Recent developments have increased the likelihood that the previously-proposed Dodge City Community College Activities Center will be built.
In August, the DC3 Foundation Board and the DC3 Board of Trustees met to discuss plans for the activities center. Both boards voted in favor of moving forward with the project, according to Roger Proffitt, the director of the foundation.
The foundation has already hired a construction-manager at-risk to finalize building plans and prepare final estimates about the costs of the activities center, Proffitt said.
The project is expected to cost $8 million and will be financed with industrial revenue bonds, a $491,000 grant from FEMA, donations from businesses and individuals, and revenue from naming rights opportunities, the foundation director said.
To date, $900,000 has been raised or pledged for the project from a variety of sources, Proffitt said.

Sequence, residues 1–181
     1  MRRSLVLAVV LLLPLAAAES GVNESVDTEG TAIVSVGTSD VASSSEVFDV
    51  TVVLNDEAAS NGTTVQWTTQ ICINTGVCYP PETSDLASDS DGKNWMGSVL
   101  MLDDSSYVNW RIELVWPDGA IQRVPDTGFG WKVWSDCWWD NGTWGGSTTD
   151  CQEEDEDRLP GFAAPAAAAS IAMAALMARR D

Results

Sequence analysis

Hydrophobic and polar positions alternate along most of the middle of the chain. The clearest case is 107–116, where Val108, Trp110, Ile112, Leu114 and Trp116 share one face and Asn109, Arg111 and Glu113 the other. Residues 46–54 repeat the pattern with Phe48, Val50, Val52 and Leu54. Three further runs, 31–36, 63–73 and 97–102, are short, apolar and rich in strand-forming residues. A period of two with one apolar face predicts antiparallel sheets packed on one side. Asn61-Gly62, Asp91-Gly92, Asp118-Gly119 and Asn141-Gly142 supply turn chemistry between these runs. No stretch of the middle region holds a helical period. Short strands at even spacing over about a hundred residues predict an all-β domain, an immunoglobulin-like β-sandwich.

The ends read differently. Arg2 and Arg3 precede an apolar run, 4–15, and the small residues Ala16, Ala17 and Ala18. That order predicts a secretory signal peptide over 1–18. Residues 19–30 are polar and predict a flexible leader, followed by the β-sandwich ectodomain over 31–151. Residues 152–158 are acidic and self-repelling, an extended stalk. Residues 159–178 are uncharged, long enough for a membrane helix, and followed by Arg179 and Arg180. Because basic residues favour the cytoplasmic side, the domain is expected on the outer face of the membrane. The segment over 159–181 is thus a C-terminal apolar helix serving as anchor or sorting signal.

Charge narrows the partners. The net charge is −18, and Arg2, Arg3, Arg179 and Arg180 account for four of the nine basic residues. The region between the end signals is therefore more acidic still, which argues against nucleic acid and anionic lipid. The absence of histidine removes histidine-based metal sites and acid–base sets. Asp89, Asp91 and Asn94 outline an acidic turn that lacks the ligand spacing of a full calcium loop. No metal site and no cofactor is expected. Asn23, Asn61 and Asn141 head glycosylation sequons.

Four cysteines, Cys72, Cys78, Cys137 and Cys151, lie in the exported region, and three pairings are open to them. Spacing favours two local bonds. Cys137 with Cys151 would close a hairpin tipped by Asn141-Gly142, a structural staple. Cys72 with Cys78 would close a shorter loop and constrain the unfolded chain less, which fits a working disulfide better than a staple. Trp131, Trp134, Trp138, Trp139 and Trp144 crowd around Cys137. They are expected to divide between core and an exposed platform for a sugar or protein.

According to Proffitt, the college will not increase its annual mill levy in order to provide funding for the activities center, which means property owners don't have to worry about a heavier tax burden.
Preliminary building designs and cost estimates must be delivered to FEMA before the first day of November, Proffitt said.
The FEMA grant also requires that the activities center be built within two-and-a-half-years, he said.
Under the current proposal, the activities center will be housed in a monolithic dome-structure on the northeast side of the college campus. It will have space for a basketball court, a soccer field, a walking track, a wellness center, study and computer areas, community rooms, and a community events center, according to the 2013 Dodge City Community College President’s Report.
The activities center would also serve as a place of refuge for local citizens prior to and during weather events, such as tornados, and as a staging area for disaster response efforts, according to Proffitt and the 2013 President’s Report.
“The center will be a place that students and members of the community can utilize,” Proffitt said. “The activities center will be more than an athletics complex.”
Proffitt believes the activities center will be built, but changes to the plans could be made if the actual building costs are not in-line with the estimates.
“We are sure that it [the building of the center] is going to happen,” Proffitt said, “but, we may have to cut some things out of the plans.”